I honestly do want other people to feel they have room to do work without me jumping into what they do. I like to think I’m a good person, and I fully recognize my flaws (and this is a big one). I’d also like to think that I’ve tried to make room for others to do stuff. Maybe I haven’t been as effective in doing that, I don’t know as I can’t speak to how others feel. So I’ve vowed to step back from the LMS administration side of things to focus on the ePortfolio and badging projects that we have going.

Now, if you pay attention to LMS’s you’ll know that D2L announced that their badging service will be available for clients on continuous delivery (Brightspace version 10.4 and higher) starting September 2015. We’re also expanding the number of University wide ePortfolio software solutions from just the D2L ePortfolio tool, adding another to complement where D2L eP is weak. There’s not been an official announcement, however we’ve started internal training and I should be writing about the process of getting this other software up and running as I think it’ll be quite an accomplishment in the time frames we have set.

Now you may wonder where the D2L ePortfolio tool is weak?

Well, first, let me give you two caveats. One, I’ve given this information to our account manager and I know for a fact it’s gone up the chain to D2L CEO John Baker. I think we’ll see improvements in the tool over the next while. I’m cautiously optimistic that by this time next year D2L’s ePortfolio tool will be improved, with that I keep an interested eye on the Product Idea Exchange inside the Brightspace Community, for developments. The other caveat, is that we’re using ePortfolios in such a way that we want to leverage social opportunities for reflective practice. Frankly this wasn’t something that we knew when we started with ePortfolios, and hence wasn’t part of our initial needs.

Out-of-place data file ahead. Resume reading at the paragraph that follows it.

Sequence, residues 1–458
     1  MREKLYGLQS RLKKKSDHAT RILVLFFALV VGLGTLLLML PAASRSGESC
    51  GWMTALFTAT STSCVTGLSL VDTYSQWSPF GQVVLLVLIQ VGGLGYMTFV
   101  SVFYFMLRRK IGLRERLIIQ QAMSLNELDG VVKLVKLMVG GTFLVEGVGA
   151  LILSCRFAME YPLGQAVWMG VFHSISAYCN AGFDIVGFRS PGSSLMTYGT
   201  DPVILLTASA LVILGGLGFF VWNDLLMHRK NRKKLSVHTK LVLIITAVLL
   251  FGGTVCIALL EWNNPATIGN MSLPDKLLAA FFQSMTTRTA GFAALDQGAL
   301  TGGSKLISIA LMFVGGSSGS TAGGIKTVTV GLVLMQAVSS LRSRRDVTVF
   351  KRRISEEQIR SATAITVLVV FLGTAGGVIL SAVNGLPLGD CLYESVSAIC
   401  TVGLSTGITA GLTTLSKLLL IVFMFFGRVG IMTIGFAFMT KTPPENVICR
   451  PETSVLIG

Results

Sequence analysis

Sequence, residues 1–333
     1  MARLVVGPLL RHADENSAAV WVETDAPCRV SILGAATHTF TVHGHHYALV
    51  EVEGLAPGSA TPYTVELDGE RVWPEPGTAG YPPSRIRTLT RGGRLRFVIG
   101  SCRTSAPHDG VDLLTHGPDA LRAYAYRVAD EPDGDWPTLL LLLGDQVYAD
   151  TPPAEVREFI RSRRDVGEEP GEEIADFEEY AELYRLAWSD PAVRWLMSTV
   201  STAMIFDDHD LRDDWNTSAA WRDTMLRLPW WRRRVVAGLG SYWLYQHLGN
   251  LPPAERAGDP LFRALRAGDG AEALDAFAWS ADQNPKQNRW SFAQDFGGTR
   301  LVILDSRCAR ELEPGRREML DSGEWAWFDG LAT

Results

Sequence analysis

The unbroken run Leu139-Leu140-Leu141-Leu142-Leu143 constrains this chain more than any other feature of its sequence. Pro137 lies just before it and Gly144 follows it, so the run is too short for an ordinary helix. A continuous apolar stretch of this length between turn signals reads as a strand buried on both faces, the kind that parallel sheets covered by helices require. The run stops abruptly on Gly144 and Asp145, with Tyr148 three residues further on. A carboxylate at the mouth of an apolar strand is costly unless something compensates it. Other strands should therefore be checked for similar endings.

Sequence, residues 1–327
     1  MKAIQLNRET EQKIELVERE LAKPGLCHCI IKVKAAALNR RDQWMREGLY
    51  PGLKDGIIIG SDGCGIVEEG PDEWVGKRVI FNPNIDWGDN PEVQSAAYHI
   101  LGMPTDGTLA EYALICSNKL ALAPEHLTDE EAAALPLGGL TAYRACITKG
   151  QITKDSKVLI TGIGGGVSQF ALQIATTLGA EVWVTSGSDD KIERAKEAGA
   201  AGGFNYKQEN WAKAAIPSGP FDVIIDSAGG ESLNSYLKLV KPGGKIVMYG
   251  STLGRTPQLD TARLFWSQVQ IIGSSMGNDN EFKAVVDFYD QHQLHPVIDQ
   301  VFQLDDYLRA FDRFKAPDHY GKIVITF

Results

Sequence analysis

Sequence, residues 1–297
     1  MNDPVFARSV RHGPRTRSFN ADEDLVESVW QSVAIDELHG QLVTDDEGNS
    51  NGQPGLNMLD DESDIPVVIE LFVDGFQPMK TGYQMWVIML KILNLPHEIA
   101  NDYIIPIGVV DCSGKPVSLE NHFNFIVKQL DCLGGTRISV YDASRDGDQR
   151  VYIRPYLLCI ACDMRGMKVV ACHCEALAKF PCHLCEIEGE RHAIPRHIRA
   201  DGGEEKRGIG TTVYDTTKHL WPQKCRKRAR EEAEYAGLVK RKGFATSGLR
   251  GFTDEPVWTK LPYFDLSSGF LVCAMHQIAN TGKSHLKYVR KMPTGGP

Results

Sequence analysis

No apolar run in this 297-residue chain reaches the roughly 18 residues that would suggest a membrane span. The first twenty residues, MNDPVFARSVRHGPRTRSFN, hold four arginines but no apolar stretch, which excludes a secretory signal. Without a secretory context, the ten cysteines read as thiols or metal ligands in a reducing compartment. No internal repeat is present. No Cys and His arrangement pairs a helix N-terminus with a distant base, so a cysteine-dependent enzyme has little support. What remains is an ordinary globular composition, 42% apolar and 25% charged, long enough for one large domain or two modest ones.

OK the weaknesses from my perspective).

1. The visual appeal of the tool is challenged. The web portfolios that are created are OK looking. It needs a visual design overhaul. Many aspects of the tool still bear the visual look of pre-version 10 look of D2L’s products. It also needs to be able to be intuitive to use for students, and part of that falls on the visual arrangement of tools. There’s three sections of the ePortfolio dashboard where you can do “stuff” (menus, the quick reflection box and on the right hand side for filling out forms and other ephemera). I totally understand why you need complexity for a complex tool – especially one designed to be multi-purpose.

2. Learning goals, which is a huge part of reflective practice, are not built into the portfolio process. You can, yes, create an artifact that could represent your learning goal, and associate other artifacts as evidence of achieving that goal – but I’d ask you to engage in doing that process as a user to see why it’s problematic. Many, many clicks.